If you have ever looked for a way to make a real difference while gaining architectural experience, look no further. The American Institute of Architecture Students’ (AIAS) Freedom by Design™ (FBD) program gives architecture students an opportunity to gain real-world experience and boost their resume—all while giving back to their communities.
The motive of FBD has always been to give back to the community through modest design and construction solutions. For example, students at Roger Williams University built a Garden of Hope dedicated to breast cancer awareness in their area, and the AIAS chapter at the University of Minnesota made improvements to a former firefighter’s home, making the space more comfortable to maneuver. Projects like these have provided relief and given hope to communities across the country, as students seek to deliver design-build solutions to combat physical, educational, environmental, socio-economic, and cultural barriers.
To learn more, we caught up with Adam Fogel, a former project manager for the University of Texas at Arlington’s AIAS chapter, about his experience with FBD. He told us that the best part of getting involved is “being able to go out and help the community.”
Last year, the chapter began planning a pavilion project for Edward H. Cary Middle School. To prepare, the group interviewed a couple of students, teachers, and the principal to learn more about the project’s goals. “It’s so cool to be able to see that what we’re trying to accomplish is something that the community wants,” said Fogel. “People don’t really see the impact of design until you sit down with them and describe it. Being able to do that for someone who really needs it—that’s the best thing about Freedom by Design.”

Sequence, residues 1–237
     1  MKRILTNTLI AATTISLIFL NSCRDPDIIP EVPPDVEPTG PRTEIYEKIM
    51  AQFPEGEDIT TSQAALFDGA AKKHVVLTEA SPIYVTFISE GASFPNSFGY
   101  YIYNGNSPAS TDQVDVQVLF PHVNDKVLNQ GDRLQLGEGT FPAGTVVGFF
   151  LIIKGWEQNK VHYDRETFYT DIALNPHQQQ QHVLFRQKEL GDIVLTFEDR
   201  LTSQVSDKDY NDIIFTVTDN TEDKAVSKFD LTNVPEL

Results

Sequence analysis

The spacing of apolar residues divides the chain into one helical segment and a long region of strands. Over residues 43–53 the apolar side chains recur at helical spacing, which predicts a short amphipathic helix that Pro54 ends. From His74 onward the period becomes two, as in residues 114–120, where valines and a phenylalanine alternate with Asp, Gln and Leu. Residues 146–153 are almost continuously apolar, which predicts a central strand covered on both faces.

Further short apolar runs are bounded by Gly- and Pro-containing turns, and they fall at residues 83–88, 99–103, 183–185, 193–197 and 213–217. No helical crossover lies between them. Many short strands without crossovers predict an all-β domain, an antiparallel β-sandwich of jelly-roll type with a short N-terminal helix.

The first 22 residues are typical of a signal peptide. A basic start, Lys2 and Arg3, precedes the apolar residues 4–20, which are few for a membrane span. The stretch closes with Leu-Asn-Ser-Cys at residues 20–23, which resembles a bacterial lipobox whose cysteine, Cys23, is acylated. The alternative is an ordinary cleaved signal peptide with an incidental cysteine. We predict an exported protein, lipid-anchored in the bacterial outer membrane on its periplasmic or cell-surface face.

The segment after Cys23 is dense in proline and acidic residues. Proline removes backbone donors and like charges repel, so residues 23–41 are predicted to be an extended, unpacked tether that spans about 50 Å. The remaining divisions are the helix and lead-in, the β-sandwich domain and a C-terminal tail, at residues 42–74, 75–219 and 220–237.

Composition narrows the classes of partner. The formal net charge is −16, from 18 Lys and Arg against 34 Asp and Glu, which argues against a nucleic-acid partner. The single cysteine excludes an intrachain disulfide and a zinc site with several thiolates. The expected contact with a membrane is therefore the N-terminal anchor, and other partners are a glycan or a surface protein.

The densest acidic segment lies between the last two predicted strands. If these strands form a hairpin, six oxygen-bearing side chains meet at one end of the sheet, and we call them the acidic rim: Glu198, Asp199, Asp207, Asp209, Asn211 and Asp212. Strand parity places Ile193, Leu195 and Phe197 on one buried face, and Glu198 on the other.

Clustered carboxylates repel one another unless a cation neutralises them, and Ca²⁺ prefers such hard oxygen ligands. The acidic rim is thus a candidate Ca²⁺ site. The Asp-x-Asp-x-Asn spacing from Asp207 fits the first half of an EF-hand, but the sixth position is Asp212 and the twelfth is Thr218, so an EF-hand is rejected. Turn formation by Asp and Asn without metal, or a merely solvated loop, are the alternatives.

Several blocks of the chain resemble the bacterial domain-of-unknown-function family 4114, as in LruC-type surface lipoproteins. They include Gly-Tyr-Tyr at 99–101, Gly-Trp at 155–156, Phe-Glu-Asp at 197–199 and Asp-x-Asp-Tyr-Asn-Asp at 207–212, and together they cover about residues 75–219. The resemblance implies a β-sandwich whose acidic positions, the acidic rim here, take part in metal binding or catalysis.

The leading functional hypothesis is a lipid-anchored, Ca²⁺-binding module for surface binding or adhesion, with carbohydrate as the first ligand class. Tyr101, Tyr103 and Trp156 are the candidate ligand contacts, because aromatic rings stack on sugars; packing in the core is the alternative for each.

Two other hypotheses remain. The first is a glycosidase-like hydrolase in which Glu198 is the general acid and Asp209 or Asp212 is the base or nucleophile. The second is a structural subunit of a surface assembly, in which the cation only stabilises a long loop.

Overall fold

Earn AXP Credit
In addition to serving local communities, FBD projects provide chapter members with hands-on experience in design, construction, project management, budgeting, teamwork, and leadership. These projects also allow students to earn credit toward the Architectural Experience Program™ (AXP™), which is a big step toward licensure.
Fogel says his AIAS chapter works on two project every semester, enabling him to earn AXP credit under setting O. Because of this, he encourages other students to attend as many Freedom by Design events as possible. “I know that’s not always a viable option because you’re in the studio or have classes with heavy workloads, but it’s definitely a great way to get involved.”
Find out if your AIAS chapter is on the approved list of community-based design centers.
Boost Your Resume
Last but not least, FBD gives students a real-world taste of the industry. You’ll interact with clients and work with architects and contractors. These interactions can help grow your network and provide a glimpse into the practical implications of architecture and design. Being involved in projects can also provide you with concrete skills and experiences to list on your resume—leaving you better prepared to enter the field.
On this point Fogel says, “I would definitely encourage everybody to join! Even if you don’t earn AXP [credit], you still gain hands-on building experience or extra design advice that you might not get in the studio.”
To get involved, reach out to your local AIAS chapter to learn how you can join their FBD program or start your own. To find out more visit www.aias.org.
For the second year in a row, NCARB will support the AIAS and its FBD program by providing local chapters with grants for building materials, as well as mentorship opportunities with members of state licensing boards and local architecture firms. “NCARB is honored to support a program that prepares the next generation of architects for real-world practice while giving back to the community,” said NCARB CEO Michael Armstrong. “Through Freedom by Design, students can see firsthand how their future profession can improve the public’s welfare.”